June 10, 2021
2 Chronicles 36:22-23
by the Rev. Dr. E. Scott Jones
First Central Congregational Church
6 June 2021
Let’s back up.
A generation before this moment we just read about, the armies of the Babylonian Empire, under the infamous King Nebuchadnezzar, invaded the Kingdom of Judah, conquered it’s people, and took control of Jerusalem. The Babylonians took the Jewish King Jeconiah hostage and along with a significant portion of the nation’s elite, carried them away into exile. into the Babylonian heartland of Mesopotamia, or modern-day Iraq.
Nebuchadnezzar appointed a puppet government over Judea. Eventually the puppet king Zedekiah rebelled and the Babylonian armies returned. After a long siege of the city of Jerusalem, the Babylonians defeated the Jews. Then they tore down the city walls, burned the Temple, executed the king’s family, blinded him and carried him off to prison where he died. More people were taken to Babylon, and only a small, poor remnant of people remained in the land, which was reduced to a province of the great empire.
Meanwhile, in exile in Babylon, Jewish culture seized the moment of trauma and in a bold act of resilience their culture thrived. Ezekiel had visions of the bones of the defeated Jews being brought back to life by God’s Spirit. He imagined a new temple, restored and glorious. The poet Second Isaiah dreamed of a day when all the nations of the world would stream to a new Jerusalem, a city of peace.
Poets, songwriters, historians, religious scholars, prophets all began to dream and to tell stories and to write. They looked back on the ancient stories of Abraham’s journeys, of the Exodus from Egypt, of David’s establishment of the kingdom. And in those stories they found hope and tools to survive and ideas for the future.
And they waited for the day when they might return again to the land and rebuild their society and worship God in freedom.
In rather shocking, quick order that day came. Babylon, the once great empire that had commanded most of the near east, collapsed quickly before the armies of the Persian emperor Cyrus. Nabonidus, the last of the Babylonian kings, was so disliked by his own people, that they did welcome the Persians.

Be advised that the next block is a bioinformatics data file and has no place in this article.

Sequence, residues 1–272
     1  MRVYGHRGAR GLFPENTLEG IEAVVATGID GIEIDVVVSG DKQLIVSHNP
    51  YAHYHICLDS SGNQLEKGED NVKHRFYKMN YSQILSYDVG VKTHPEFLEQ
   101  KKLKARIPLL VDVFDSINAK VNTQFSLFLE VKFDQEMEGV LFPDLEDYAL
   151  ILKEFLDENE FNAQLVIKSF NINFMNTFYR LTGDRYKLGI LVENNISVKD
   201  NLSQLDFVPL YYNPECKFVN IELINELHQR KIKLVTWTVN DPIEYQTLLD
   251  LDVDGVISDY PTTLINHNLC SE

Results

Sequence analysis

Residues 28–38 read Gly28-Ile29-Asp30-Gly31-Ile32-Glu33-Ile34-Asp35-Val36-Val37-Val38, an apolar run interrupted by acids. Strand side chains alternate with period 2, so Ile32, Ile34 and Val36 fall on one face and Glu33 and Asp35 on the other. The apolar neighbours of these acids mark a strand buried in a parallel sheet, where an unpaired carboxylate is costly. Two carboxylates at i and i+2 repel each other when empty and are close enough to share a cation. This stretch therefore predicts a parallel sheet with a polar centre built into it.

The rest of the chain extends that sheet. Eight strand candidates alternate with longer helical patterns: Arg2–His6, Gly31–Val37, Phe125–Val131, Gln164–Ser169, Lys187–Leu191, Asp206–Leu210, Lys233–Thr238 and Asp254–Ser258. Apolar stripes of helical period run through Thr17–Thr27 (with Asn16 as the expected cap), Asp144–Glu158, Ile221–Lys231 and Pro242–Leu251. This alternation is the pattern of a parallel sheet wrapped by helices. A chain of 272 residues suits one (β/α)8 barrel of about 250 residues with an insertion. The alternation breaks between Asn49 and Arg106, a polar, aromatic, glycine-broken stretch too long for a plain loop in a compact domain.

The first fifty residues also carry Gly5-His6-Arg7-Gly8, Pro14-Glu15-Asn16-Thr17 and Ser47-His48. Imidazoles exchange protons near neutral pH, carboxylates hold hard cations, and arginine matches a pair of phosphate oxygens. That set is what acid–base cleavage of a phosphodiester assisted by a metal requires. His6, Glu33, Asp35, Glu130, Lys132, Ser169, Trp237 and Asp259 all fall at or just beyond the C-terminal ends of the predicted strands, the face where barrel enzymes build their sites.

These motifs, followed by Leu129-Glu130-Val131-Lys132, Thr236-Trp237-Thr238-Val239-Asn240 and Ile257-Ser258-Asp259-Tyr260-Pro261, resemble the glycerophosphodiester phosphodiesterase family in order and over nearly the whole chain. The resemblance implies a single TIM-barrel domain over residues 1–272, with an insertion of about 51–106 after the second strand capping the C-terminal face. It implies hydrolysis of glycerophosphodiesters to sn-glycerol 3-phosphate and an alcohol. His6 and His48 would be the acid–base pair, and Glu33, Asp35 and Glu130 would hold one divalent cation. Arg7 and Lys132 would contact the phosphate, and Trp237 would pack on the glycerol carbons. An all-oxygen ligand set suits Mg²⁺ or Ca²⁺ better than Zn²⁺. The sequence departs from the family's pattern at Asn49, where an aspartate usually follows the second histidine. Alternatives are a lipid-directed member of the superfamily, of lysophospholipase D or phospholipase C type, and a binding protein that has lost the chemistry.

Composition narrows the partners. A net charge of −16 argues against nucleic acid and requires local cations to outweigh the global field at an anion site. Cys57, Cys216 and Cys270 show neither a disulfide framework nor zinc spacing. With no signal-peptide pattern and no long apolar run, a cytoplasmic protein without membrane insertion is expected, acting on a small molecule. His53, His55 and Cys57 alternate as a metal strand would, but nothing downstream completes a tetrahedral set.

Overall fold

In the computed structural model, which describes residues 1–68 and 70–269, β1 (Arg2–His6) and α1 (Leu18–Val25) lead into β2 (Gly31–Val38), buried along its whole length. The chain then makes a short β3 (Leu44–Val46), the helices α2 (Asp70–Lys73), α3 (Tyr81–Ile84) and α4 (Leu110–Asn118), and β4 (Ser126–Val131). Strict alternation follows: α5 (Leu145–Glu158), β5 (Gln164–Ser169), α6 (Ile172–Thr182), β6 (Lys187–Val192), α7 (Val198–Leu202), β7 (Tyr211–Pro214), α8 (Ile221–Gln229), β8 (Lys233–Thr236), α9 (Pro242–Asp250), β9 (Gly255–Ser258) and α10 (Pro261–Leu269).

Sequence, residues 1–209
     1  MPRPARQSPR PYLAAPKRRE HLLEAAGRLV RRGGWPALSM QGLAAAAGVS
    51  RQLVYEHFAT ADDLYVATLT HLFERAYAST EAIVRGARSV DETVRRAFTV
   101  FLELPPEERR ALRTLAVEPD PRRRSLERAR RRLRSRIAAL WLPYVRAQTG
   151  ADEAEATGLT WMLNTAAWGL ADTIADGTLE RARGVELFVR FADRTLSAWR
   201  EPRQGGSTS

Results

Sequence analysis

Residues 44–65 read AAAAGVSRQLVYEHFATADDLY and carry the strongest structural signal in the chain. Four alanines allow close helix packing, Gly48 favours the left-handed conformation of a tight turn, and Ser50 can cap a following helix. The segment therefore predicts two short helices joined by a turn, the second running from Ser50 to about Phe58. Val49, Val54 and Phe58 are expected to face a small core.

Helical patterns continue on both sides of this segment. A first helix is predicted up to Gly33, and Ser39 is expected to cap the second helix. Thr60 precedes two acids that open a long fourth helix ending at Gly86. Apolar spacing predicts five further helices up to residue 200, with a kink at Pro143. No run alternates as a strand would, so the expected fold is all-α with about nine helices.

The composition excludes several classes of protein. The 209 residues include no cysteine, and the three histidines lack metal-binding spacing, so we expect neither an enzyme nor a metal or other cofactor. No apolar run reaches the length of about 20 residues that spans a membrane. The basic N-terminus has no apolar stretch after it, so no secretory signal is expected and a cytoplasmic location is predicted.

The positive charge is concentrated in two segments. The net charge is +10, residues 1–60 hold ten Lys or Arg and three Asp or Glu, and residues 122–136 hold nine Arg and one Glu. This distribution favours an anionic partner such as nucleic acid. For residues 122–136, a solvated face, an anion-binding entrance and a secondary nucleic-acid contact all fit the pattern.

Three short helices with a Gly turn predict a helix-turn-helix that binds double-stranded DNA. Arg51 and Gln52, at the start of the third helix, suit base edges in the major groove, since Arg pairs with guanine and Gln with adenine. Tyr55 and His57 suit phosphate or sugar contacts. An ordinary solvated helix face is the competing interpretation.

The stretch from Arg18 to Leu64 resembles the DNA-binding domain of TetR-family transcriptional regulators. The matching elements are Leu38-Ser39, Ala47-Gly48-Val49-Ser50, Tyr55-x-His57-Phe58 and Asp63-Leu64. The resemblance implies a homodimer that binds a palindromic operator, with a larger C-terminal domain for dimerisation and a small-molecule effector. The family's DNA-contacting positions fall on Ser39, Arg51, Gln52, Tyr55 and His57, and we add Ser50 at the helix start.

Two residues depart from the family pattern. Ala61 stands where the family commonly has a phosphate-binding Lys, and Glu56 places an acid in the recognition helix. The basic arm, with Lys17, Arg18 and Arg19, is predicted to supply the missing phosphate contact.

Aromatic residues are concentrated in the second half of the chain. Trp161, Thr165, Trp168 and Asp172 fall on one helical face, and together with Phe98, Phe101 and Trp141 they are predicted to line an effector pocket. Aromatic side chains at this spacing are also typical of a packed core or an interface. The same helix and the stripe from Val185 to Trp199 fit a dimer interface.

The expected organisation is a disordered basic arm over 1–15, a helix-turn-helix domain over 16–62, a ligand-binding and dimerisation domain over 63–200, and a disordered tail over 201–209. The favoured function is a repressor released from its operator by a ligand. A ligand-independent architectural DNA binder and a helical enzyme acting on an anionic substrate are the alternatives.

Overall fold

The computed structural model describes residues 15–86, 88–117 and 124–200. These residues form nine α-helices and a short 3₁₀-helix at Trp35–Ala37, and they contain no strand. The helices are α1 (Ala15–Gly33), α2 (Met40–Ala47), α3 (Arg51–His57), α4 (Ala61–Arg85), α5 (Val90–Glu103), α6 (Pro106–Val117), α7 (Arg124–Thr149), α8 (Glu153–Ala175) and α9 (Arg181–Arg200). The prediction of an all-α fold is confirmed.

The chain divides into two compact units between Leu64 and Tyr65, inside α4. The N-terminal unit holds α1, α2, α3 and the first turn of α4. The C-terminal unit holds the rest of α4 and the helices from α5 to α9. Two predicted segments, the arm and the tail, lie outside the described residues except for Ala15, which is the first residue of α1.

And Cyrus was something of a messianic figure, honored as such even by the Book of Isaiah. For Cyrus took a different approach than the empire builders before him. The old Assyrian Empire had built itself through ethnic cleansing and genocide. When they conquered a nation, they removed most of its people and spread them through the empire and moved new people into the homes and cities of the defeated nations. In doing so they wiped from history many of the ancient peoples, including the northern kingdom of Israel and its lost ten tribes. The Babylonians were not quite as fierce, but kept something of the same idea in their kidnapping of a country’s elites.
But Cyrus, he and the Persians took a different approach. They respected the diversity of their empire’s peoples, their cultures and faiths. They left people groups intact and allowed them to continue their religious practices and granted some autonomy in how they organized themselves. And, so, one way Cyrus gained favor over his new subjects was to allow those who were in exile to return to their homelands and re-establish themselves. And, thus, the Hebrew Scriptures honor Cyrus as an agent of God, creating the opportunity for the people to return home.
And so, after a generation, they were able to Go up to Jerusalem once again. But the Jews of Babylon didn’t all rush to return. In fact, they never all left. The Jewish community of Babylon and eventually Baghdad was one of the centers of Jewish intellectual life well into the Middle Ages and a remnant of that community remained well into the modern age.
The first group to return to Judea was led by Shesh-bazzar and probably included the bravest, the most daring, and those with little to lose. It took many years and multiple waves of return under Zerubbabel, Ezra, and Nehemiah before the new Jerusalem and the new Judea began to take shape. It is this story of restoration which we explore this summer in our worship.
A few years ago we followed the first part of this story—the conquests of Israel and Judah, the people being led into Exile, the formation of a new people through resilience after trauma. At the time we always intended to tell the second part of the story, and this year seems fitting, as we too have gone through our own collective traumas with the global pandemic, the racial uprising and reckoning, the insurrection. We are also in a time of restoration, taking our first stumbles out into a new normal, some of us with eager fascination and some with great anxiety and trepidation. All of this while the dangers are still present, and we aren’t quite sure what the new normal will look like. Or whether our society will muster the political and cultural will to heal and rebuild and restore, creating something better than what we’ve known before. So, we turn to these ancient stories looking for tools and ideas and spiritual connection.